Dathe, Michaëlis, render Napthali The contents of the plates are :- • is a spreading (terebinthine) tree, 1. Teraphim, Lares.-2. Sea-mon- "giving beautiful branches.' This sters, Tannim, dragons (which are renders the simile uniform; but the figures of seals and the manati).-3. allusion of a tree, seems to be purposeConey, Shaphan, mouse.-4. Naptha. ly reserved by the venerable patriarch li, Genesis xlix. 21.-5. Slaves in the for his son Joseph, who is compared East.-6. Eastern attitudes of wor. to the boughs of a tree. Now Joseph ship.-7. Solar system.

would be assimilated to an inferior Articles with descriptive head object, if Napthali had been comparpieces :-Camels furniture, to illus- ed to a parent-tree before him; which frate Genesis xxxi. 34.-Cruse of repetition of idea is every way unwater, 1 Sam. xxvi. 11.-Lots, Prov. likely. xvi. 33.-Beelzebub, 2 Kings i. 2.Inklorn, Ezek. ix. 2.- Locks of «i Having seen but slightly the emdoors, Cant. v. 4.

barrassment of interpreters, let us try Articles illustrated by the plates :- what assistance we may derive from Attitudes of devotion in the East, p. natural history, toward explaining 6.-Teraphin, Lares, Genesis, xxxi. this passage. 30. p. 1.-Napthali, Genesis xlix. "I conceive the word aileh may 21. p. 4.~Lam. iv. 3. p.: 2-Of the be like our word deer, i. e. applicable shaphan or coney, and the mouse, to either sex, though custom may Prov. xxx. 26.p.3.- Employments of usually have appropriated it to one slaves in the East, Exod. v. p. 5.- sex: as we do not always correctly, The latter part of this publication is in common speech, distinguish the an expository index on the three first sexes of domestic animals, sheep, chapters of Genesis, which is to be goats, horses, dogs, &c. or of wild continued.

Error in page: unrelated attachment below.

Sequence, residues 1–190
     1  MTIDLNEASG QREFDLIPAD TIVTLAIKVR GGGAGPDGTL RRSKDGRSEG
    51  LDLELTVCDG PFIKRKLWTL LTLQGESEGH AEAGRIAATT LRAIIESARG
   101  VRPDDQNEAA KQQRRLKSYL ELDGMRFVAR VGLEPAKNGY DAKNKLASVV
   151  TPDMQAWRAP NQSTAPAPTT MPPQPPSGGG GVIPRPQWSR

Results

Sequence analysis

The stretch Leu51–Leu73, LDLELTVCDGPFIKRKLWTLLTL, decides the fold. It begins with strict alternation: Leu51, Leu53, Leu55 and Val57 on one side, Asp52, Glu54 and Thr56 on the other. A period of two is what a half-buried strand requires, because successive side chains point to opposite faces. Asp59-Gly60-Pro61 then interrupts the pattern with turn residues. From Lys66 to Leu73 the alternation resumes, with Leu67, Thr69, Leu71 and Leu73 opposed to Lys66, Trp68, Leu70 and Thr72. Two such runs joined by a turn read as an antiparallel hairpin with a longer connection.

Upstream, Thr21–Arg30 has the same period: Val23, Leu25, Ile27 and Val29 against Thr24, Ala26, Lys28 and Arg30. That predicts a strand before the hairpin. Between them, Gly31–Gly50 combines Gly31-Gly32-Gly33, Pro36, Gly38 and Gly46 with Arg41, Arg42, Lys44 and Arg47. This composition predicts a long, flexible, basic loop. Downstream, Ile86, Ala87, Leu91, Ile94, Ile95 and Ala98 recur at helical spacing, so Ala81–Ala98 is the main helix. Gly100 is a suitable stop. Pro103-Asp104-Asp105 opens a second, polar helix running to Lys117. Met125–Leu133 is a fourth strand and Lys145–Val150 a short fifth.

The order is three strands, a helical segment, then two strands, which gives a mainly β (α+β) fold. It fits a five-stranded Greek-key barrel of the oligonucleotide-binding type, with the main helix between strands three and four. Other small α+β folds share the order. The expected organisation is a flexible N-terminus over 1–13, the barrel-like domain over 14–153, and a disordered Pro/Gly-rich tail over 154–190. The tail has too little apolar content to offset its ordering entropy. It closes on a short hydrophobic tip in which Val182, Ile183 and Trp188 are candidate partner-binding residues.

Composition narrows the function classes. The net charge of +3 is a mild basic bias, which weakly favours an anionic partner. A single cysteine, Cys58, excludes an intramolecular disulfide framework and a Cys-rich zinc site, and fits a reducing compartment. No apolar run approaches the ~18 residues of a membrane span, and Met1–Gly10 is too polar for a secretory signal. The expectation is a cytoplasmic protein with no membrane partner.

animals, rats, wolves, bears, &c. so our

word deer does not denote the species, O enable the reader to form a as we have several kinds of deer, nor

judgment of this work, the fol- the sex, &c. so the elaphos denotes a lowing abstract from the article Nap- deer, i. e. either a stag or hind. The thali is subjoined:

Latin also look the same way; dama, Nap hali, Genesis xlix. 21.

a deer, a fallow-deer, whether buck

or doe: and Dr. Shaw, Travels, 414. Napthali is a hind let loose :

410. understands the whole genus of He giveth goodly words. deer as included in the word ail, “That this passage requires illus- though this genus comprizes many tration, will be evident, from a slight species. Our own professed naturalists

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accommodate themselves in their writ. V. PUBLIC CHARACTERS of 1801ings to this manner of expression. 1802. 8vo. Boards, 10s. 6d. Phillips, (inku, 1 imports and active motion